As a senior at Walnut High, Alison Stowell had the type of season that most softball players can scarcely imagine.
Not only did she lead her team in batting with a .468 average, she also made the All-Sierra League team for the second straight time and was selected co-most valuable player of the league.
Stowell was hoping that would attract the interest of at least a couple of college teams. But by the time the national recruiting period had come and gone, Stowell hadn't attracted so much as a whisper from a college recruiter.
So Stowell decided to try her luck as a walk-on player at nearby Cal Poly Pomona, which not only had a solid physical education program but one of the top NCAA Division I softball teams.
Four years later, Pomona Coach Carol Spanks isn't hesitant to say: "She is the best walk-on we've ever had."
That may be a bit of an understatement when you consider that the 21-year-old Stowell has made the All-Pacific Coast Athletic Assn. team for an unprecedented four times and could become the first Pomona player to make the NCAA All-American team four times.
She was a member of the U.S. team that won the gold medal at the 1987 Pan American Games and has surpassed or approached most of Pomona's records. The 5-7 Stowell is the team's all-time leader in hits, doubles, runs, stolen bases and at bats and is second in career batting average and runs batted in.
Spanks said Stowell has been one of the most important factors in the success of the Broncos, who are 53-14 and ranked No. 2 behind UCLA in Division I heading into the NCAA West Regional playoffs Friday and Saturday against visiting Long Beach State (46-15).
Hardly the kind of contribution one would expect from a player who arrived on campus inauspiciously.
Spanks wonders how Stowell could have been missed by recruiters.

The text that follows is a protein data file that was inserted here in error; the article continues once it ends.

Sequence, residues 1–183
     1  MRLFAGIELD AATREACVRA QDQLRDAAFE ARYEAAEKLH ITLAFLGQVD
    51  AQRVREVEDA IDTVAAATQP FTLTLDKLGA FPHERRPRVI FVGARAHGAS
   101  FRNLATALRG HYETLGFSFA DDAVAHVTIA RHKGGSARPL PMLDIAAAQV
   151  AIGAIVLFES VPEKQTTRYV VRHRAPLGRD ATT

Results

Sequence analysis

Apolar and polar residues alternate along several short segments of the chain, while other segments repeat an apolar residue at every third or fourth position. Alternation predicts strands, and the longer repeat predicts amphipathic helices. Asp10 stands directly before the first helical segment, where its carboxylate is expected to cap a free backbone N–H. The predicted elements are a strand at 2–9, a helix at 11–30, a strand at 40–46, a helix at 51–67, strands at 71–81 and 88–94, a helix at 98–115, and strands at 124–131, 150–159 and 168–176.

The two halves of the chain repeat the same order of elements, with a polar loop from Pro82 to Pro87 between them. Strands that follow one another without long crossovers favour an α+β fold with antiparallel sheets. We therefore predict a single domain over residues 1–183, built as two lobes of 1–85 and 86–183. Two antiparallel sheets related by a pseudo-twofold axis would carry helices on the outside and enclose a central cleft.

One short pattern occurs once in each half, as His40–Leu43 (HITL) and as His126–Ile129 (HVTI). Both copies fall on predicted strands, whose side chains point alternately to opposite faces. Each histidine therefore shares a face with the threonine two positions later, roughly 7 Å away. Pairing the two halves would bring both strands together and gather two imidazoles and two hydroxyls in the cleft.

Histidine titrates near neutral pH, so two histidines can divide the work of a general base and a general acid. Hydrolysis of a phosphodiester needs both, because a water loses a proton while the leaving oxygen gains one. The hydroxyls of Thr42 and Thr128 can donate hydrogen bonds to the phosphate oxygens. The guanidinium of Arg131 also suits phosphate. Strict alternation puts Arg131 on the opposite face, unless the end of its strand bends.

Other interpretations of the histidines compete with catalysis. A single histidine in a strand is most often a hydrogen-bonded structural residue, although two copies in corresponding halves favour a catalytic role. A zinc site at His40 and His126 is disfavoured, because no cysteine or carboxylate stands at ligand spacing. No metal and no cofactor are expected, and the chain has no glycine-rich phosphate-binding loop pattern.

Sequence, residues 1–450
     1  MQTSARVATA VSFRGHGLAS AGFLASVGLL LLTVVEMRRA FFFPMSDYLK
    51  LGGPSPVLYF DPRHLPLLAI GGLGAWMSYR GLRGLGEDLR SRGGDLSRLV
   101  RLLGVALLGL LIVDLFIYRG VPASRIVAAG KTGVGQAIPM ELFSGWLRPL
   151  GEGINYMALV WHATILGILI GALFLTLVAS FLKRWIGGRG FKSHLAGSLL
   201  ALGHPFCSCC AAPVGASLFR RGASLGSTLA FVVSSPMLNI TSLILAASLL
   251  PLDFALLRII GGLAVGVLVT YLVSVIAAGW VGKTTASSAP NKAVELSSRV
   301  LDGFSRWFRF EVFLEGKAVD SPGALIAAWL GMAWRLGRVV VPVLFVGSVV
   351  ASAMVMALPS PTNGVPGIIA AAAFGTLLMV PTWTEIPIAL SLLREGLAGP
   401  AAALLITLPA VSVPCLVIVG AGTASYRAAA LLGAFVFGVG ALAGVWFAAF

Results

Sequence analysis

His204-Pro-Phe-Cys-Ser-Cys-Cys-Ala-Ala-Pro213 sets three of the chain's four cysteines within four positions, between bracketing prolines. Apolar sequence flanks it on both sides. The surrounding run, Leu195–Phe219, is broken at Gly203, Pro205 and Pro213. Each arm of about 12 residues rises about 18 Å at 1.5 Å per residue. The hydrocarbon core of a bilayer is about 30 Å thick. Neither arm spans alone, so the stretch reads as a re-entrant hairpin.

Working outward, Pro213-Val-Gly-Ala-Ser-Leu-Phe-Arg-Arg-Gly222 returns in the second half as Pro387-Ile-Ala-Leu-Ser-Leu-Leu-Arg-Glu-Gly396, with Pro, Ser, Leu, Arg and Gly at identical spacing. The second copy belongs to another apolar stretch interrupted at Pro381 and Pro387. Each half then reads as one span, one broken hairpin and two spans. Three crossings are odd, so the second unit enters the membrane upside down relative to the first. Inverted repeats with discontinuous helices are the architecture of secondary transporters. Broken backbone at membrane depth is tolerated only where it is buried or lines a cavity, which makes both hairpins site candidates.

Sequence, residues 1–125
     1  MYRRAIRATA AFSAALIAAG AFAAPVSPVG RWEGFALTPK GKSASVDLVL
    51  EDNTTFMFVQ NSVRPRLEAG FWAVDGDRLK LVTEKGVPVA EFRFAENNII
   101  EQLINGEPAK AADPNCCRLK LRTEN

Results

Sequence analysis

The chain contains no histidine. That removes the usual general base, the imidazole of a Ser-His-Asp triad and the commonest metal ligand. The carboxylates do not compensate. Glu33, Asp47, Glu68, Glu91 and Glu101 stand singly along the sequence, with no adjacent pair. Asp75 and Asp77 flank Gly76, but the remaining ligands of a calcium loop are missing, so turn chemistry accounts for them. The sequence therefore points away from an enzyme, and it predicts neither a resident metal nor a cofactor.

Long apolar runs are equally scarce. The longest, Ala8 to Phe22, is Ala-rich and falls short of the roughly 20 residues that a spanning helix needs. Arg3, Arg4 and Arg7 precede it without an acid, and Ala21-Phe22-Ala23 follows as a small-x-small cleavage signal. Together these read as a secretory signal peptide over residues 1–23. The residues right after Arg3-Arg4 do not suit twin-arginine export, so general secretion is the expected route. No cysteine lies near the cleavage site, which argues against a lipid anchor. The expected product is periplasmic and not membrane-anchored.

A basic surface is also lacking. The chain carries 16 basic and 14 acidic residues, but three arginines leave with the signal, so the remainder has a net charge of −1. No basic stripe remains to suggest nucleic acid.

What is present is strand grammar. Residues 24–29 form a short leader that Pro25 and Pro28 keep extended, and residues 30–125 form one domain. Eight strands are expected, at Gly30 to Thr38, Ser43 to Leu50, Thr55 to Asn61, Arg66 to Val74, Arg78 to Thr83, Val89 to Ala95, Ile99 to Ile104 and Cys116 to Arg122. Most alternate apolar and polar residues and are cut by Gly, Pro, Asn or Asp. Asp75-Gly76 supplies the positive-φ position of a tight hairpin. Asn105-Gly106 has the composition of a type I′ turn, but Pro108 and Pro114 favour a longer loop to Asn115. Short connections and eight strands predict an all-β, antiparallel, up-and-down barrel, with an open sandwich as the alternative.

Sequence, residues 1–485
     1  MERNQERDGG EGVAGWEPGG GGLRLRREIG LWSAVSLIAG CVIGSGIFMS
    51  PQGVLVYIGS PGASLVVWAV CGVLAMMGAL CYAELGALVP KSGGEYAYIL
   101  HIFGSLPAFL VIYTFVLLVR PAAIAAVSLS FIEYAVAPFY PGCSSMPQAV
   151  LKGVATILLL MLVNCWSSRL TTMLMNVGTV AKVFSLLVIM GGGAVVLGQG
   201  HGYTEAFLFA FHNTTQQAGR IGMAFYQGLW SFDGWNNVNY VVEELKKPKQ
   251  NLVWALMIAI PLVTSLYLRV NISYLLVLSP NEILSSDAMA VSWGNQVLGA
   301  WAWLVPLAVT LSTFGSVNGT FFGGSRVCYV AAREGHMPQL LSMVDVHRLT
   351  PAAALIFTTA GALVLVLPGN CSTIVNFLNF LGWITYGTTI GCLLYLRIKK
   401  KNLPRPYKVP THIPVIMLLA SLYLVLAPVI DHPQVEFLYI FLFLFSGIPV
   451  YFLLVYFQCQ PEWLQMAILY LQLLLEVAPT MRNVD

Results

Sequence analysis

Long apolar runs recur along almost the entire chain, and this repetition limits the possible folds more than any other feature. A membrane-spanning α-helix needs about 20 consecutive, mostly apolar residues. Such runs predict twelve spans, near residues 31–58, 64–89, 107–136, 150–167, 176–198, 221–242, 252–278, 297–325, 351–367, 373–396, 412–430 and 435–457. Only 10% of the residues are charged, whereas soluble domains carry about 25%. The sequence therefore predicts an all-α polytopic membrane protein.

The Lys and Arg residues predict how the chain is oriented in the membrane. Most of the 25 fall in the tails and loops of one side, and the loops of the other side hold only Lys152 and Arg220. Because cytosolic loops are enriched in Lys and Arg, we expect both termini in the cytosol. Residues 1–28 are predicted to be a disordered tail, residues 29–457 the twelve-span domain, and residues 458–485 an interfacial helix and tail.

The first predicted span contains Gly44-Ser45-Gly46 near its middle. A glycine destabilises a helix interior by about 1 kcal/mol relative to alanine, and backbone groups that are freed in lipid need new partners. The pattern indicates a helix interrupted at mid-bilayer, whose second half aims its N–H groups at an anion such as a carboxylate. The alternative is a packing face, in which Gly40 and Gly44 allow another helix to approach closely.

"I don't know how much she was looked at in high school," she said. "But a lot of times good players are overlooked because they are at schools that are not watched by the scouts, or maybe she didn't play in the right tournaments. Or maybe they didn't think she was ready to play college ball."
Stowell said the lack of interest may have been attributable to the league in which she played. "We played in the Sierra League and nobody out of that league was recruited that year," she said.
Having watched a lot of Broncos games when younger, Stowell decided to write a letter to Spanks about her interest in playing for the team. But when Stowell did not receive a response, she figured she would simply try out for the team.
Although Stowell was good enough to make the club, she didn't exactly leave a lasting impression on Spanks from the start.
"The first impression I had was that she was a very good hitter and very quick, but there was nothing about her that stood her out from anybody else," Spanks realled.
Before her freshman year, Stowell said she was expected to play primarily in a back-up role. Fate changed that when an outfielder was injured at the start of the season.
"She got the chance to play," Spanks said. "Our infield was pretty solid and she wasn't going to play there. So it was just a break that she got to play."
Stowell played all 70 of the team's games in her freshman year and has been a fixture in the lineup ever since. She has not been fixed at one position, though.
A shortstop in high school, Stowell was in right field as a freshman. She switched to second base as a sophomore, played center field as a junior and has returned to second this season. Regardless of the position, the result has been the same.
"She's just one of those players who plays where she's needed and everywhere she's played she has been an All-American," Spanks said.
Besides, Stowell doesn't mind switching positions: "I just want to help the team, so wherever the coach needs me I try to fill in."
Despite her success and strong team attitude, Stowell doesn't see herself as a leader--at least not in the true sense of the word.
"We don't have one leader," she said. "Everybody, whether starter or reserve, does her thing because it's hard for one person to be the leader. I'm not that kind of player anyway. I guess, if anything, it's more (leadership) by example."
Make no mistake, Stowell has set a good example.
"As far as what she does on the field, she has a lot of respect from our players and our opponents," Spanks said. "She's much better at the college level than the average player. She does a lot that most players don't do."
The coach said that Stowell has displayed considerable improvement since her freshman year.
"She was pretty strong back then but has developed a lot of confidence in her ability," Spanks said. "She's developed a lot defensively, and maybe that's because she has played a lot of positions."
Stowell said her success has not come without work.
"I think I've learned something all the way through college, but there's still a lot to learn," she said. "Not so much on the basics, but there are so many other things you can learn every day."